Talk to your landlord or agent about any concerns you may have.
Have your say
Problems paying rent
Your landlord doesn’t have to do anything to help you if you are struggling to pay rent. However, many landlords are concerned about their tenants and will try to help. You could ask the landlord to
- reduce your rent for a period of time
- use your deposit to cover a month’s rent and allow you to build this up again when you’re back on your feet
- postpone rent payments until a point in the future when you’ll be able to repay what you owe
- allow you to offset rent payments against work that needs done in the property.
If your landlord is able to help you out in some way, make sure you have a written record of any changes agreed. This doesn’t have to be a formal signed contract. An email or message explaining the changes, how long they are in place for and any conditions attached will be fine.
Can you claim benefits to help?
You may be able to get benefits to help with your rent and other living costs if your income has reduced.
Most people will have to claim Universal Credit to get help with rent. If you are over pension age or you are getting certain disability benefits, you can claim Housing Benefit. Get advice if you aren’t sure which to claim.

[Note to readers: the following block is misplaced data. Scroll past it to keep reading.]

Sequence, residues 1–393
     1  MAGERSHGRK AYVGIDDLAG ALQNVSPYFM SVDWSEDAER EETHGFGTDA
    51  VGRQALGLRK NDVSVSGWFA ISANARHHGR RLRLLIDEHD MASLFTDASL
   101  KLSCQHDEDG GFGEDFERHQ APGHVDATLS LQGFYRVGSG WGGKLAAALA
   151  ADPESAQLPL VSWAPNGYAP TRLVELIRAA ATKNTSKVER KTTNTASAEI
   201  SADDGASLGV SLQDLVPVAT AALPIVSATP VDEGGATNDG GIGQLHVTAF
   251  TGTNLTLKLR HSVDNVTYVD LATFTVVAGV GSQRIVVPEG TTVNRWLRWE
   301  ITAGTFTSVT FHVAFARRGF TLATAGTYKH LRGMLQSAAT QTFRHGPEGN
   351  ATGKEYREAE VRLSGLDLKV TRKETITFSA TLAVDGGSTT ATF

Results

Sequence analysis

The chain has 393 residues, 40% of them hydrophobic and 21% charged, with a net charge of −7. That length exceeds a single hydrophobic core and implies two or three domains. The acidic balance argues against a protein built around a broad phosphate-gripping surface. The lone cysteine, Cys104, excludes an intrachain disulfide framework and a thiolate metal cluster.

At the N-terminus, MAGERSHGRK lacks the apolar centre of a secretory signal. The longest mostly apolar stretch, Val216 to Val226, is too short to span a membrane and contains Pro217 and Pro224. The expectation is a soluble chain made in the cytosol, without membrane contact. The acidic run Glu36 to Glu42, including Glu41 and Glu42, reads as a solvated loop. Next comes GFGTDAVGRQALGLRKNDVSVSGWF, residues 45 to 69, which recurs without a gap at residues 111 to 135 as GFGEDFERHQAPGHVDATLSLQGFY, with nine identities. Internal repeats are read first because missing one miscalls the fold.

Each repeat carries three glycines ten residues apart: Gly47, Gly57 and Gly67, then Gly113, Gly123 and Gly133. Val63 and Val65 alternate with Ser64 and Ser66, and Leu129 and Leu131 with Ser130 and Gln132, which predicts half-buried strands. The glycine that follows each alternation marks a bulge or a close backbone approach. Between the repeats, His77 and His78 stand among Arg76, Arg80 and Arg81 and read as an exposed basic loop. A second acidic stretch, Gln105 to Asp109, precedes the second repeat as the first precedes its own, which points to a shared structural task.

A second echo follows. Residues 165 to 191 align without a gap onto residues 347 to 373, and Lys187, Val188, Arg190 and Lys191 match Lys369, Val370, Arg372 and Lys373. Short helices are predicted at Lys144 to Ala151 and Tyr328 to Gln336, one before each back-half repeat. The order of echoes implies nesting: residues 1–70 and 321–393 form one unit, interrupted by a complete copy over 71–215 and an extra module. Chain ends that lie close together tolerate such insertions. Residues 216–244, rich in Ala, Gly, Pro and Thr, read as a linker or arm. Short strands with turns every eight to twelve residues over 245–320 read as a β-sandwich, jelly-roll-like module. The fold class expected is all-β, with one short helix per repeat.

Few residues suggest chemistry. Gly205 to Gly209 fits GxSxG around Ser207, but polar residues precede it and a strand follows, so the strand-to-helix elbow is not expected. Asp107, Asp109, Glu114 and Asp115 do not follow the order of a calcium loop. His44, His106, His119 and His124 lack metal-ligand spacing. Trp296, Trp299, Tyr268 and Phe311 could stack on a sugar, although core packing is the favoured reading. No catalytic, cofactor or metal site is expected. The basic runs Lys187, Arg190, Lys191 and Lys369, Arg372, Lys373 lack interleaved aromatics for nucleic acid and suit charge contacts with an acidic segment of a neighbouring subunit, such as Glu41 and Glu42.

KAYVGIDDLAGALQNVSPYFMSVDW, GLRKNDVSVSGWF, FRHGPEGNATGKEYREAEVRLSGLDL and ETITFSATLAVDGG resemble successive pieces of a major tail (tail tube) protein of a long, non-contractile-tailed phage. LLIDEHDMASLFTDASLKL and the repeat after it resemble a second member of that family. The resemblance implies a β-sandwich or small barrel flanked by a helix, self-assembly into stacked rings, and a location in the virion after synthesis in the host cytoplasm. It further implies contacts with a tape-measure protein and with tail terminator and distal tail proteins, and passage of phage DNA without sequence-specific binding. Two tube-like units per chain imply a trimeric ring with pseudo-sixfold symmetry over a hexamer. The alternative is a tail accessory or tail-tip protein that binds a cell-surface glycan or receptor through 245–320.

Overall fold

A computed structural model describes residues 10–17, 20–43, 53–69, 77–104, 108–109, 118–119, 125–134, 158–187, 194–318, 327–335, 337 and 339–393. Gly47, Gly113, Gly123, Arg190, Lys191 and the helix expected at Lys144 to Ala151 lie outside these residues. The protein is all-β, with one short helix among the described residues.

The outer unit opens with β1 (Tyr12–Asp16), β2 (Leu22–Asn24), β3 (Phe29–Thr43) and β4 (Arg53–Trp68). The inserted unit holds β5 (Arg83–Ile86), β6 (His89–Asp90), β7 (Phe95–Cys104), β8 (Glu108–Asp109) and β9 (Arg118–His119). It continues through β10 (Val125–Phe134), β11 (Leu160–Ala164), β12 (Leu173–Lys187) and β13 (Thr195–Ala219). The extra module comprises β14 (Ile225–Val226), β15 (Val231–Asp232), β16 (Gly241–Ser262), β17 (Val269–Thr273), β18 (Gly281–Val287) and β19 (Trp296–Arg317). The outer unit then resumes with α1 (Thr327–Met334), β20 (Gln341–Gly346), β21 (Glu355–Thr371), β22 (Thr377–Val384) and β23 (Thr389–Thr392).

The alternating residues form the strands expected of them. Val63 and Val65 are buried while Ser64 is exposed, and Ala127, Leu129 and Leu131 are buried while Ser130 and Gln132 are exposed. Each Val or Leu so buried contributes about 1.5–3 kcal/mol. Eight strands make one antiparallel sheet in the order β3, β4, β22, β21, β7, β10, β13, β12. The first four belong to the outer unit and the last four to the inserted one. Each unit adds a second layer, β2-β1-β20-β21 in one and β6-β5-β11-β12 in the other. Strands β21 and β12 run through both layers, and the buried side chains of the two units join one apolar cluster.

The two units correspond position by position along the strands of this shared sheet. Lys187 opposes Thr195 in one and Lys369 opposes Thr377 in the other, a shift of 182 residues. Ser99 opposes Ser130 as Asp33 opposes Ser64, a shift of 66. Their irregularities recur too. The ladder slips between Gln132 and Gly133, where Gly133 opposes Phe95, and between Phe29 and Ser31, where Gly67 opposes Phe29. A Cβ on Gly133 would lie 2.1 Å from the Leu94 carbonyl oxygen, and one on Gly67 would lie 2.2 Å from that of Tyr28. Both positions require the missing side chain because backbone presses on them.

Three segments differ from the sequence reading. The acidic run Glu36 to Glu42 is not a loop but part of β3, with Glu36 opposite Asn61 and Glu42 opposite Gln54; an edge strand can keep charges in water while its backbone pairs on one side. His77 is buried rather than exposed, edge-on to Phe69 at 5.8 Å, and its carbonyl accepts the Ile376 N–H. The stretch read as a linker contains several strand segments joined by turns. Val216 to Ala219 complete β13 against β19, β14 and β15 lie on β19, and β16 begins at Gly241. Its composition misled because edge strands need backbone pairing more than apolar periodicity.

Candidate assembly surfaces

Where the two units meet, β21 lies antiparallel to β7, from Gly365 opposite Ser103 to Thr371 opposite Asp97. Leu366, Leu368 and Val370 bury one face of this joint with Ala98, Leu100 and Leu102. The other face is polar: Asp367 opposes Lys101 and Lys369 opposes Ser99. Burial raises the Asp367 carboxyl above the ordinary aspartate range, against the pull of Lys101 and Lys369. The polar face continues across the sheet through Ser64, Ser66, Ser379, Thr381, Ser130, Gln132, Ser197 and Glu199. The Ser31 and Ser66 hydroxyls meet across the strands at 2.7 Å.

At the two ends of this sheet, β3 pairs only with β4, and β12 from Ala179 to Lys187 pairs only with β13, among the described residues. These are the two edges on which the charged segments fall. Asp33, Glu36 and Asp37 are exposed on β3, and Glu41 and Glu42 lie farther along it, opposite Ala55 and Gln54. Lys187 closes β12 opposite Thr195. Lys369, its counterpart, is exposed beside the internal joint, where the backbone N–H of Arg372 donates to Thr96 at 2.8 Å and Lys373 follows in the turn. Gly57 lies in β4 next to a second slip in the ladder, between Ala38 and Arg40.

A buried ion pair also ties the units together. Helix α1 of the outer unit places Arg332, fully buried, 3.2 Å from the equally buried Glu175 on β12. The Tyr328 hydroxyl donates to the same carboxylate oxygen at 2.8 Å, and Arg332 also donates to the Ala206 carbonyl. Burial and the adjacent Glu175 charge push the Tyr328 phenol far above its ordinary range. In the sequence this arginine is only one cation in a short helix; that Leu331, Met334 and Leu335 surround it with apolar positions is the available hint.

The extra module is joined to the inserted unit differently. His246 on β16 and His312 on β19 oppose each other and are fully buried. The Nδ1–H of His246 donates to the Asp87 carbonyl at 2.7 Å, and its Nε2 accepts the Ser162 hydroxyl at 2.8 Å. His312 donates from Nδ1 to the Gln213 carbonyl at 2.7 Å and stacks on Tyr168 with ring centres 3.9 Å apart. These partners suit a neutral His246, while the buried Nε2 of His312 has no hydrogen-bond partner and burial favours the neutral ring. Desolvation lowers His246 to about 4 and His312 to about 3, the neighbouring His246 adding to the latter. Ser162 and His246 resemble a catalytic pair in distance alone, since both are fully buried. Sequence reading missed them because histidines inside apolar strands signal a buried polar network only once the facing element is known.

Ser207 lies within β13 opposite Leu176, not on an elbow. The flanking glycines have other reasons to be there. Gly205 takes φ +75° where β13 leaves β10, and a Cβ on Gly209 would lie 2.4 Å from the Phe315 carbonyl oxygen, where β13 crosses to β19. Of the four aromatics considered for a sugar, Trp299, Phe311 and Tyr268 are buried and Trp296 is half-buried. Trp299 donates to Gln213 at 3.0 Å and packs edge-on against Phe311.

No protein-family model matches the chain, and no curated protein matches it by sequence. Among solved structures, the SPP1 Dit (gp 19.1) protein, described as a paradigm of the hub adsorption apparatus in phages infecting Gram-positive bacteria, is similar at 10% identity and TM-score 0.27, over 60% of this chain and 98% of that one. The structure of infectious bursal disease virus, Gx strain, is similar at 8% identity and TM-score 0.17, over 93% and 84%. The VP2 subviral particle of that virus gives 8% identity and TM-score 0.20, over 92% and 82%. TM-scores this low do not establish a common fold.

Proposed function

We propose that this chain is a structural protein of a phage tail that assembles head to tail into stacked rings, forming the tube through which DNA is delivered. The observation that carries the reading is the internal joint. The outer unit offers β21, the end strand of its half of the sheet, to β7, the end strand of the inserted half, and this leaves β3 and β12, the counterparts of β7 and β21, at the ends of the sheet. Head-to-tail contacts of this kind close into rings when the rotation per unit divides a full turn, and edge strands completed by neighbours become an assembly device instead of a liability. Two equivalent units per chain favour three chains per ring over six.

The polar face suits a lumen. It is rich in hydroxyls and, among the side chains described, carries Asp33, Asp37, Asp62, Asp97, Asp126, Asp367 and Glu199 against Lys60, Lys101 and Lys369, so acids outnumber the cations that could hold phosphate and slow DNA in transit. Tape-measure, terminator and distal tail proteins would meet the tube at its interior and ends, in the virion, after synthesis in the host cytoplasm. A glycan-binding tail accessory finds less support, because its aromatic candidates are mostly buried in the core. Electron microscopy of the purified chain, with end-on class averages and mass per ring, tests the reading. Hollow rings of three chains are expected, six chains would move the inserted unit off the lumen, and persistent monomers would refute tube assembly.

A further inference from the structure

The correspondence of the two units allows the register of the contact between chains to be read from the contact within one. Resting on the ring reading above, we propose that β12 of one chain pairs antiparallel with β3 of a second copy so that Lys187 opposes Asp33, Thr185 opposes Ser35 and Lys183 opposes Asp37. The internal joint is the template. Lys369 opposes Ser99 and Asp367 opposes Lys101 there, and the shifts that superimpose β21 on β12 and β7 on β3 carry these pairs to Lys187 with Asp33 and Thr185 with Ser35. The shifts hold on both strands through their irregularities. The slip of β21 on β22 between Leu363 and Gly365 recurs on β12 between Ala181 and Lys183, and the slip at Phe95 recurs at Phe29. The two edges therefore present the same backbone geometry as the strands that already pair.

You claim Universal Credit online. When you claim, you can ask for an advance payment and you should also ask for a payment from the Universal Credit contingency fund. The advance must be paid back, but you don’t have to pay back the contingency fund payment. Universal Credit will include money to help with your household living costs, as well as your rent.
Benefits are not covering rent
The amount you get towards your rent probably won’t cover the full amount you pay to the landlord. You can apply to the Housing Executive for extra help towards your rent if you are entitled to Housing Benefit or Universal Credit. This extra help is called a Discretionary Housing Payment or DHP Our advisers can help you with this process.
The Housing Executive has said that it will pay the difference between what you get from Universal Credit and what you pay your landlord for 13 weeks as long as
- you haven't got Housing Benefit or Universal Credit to help with your rent in the last 12 months AND
- you could afford to pay the rent without benefits when you initially moved into your rented home.